How long do I need to isolate before seeing loved ones? What about getting tested?
The only valid precaution to prevent the spread of COVID-19 ahead of a holiday gathering is isolating for 14 days, Sheppard said.
Sheppard said his own children will be coming home for the holidays, and will be isolating for two weeks before meeting their family for Christmas.
To be tested in public clinics in Quebec, people are required to meet certain criteria, such as exhibiting symptoms or having been in contact with a known case, though there are also private options.
Since people won't get their result, usually, for at least 24 hours, it's impossible to know if they have become infectious in the time since.
"You could have been in the incubation period, and you could be developing the disease and we simply missed it," he said.
Will the planned school break be enough?
The short answer is no.
Experts generally agree it's best to measure the spread of the virus in two-week periods. Multiple studies show the incubation period for COVID-19 can last up to 14 days. One major study showed 97.5 per cent of those who experience symptoms will begin to exhibit them within 11.5 days.
It can take two of those periods to break a rising infection rate, which is why the province imposed its partial lockdown this fall in 28-day increments.
Sheppard said gatherings over the holidays will take more than a week or two to contain, even if schools are closed and gatherings prohibited.
"The incubation period can go to a maximum of 14 days," Arruda acknowledged Thursday. But "most of them are between five and six days."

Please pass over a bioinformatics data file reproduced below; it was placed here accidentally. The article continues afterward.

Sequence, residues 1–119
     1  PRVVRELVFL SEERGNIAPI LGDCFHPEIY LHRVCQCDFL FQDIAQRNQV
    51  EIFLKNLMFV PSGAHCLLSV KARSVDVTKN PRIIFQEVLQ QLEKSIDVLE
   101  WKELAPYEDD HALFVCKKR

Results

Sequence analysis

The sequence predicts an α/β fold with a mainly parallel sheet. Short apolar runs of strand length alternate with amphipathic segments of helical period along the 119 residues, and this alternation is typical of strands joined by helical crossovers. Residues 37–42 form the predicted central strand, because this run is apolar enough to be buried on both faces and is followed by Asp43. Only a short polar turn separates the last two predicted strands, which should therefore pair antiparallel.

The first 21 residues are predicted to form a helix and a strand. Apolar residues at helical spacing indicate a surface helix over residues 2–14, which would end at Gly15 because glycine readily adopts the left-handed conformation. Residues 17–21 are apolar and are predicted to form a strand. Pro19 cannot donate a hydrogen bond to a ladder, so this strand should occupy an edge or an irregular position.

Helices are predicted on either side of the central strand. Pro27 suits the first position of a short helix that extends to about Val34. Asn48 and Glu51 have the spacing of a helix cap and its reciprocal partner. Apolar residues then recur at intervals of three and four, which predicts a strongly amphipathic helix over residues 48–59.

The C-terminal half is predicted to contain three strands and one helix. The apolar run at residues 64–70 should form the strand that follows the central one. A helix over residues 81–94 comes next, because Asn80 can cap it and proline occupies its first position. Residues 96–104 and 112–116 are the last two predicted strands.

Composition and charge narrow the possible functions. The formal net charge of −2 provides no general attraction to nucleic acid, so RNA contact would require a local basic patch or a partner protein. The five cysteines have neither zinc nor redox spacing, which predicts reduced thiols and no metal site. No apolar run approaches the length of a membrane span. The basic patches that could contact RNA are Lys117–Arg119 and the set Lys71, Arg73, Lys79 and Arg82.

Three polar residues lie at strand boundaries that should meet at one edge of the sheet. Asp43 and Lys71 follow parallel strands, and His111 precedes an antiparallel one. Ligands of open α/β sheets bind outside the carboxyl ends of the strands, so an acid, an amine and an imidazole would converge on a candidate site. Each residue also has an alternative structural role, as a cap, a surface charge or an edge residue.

But Sheppard says if classes resume Jan. 4 for elementary school students and a week later for high school students, that leaves a small window for the virus to spread.
"Nobody is going to go from Christmas to their entire family isolating for 14 days," he said.
"It will have an impact. It will not be a perfect mitigation strategy."
What are the potential consequences in January and beyond?
Experts agree that more contact means more cases, hospitalizations and, ultimately, more deaths. If large, indoor gatherings take place over the holidays, the province's "high plateau" could climb.
On top of that, January is an especially difficult month for the health-care system, with emergency rooms usually overflowing after the holidays.
The most recent projections from Quebec's public health institute, the INESSS (Institut national d'excellence en santé et en services sociaux) found that hospitals would not exceed capacity in the next four weeks. But that could change quickly.
Tremblay says a spike in cases could be a major burden for hospitals.
"If we allow ourselves to have large gatherings over the holidays, the health system will be overwhelmed in January," she said.
Sheppard said the strain on hospitals, rather than deaths from the virus itself, could be the biggest problem going forward.
"That's the real thing we need to avoid," he said. "It's not just about the elderly getting COVID and dying. It's about their sisters, cousins, brothers having access to medical care for everything else they need care for."
What are other places doing?
Manitoba, which is seeing a surge in cases, is also considering extending the school break for an extra two weeks.
Nunavut has already closed schools for at least two weeks after seeing a jump in cases.
Ontario floated the possibility earlier this week, but then quickly shot down the idea a day later.
South of the border, several jurisdictions have also closed schools. New York City, home to the largest school board in the country, opted to return to remote learning this week after a rise in cases.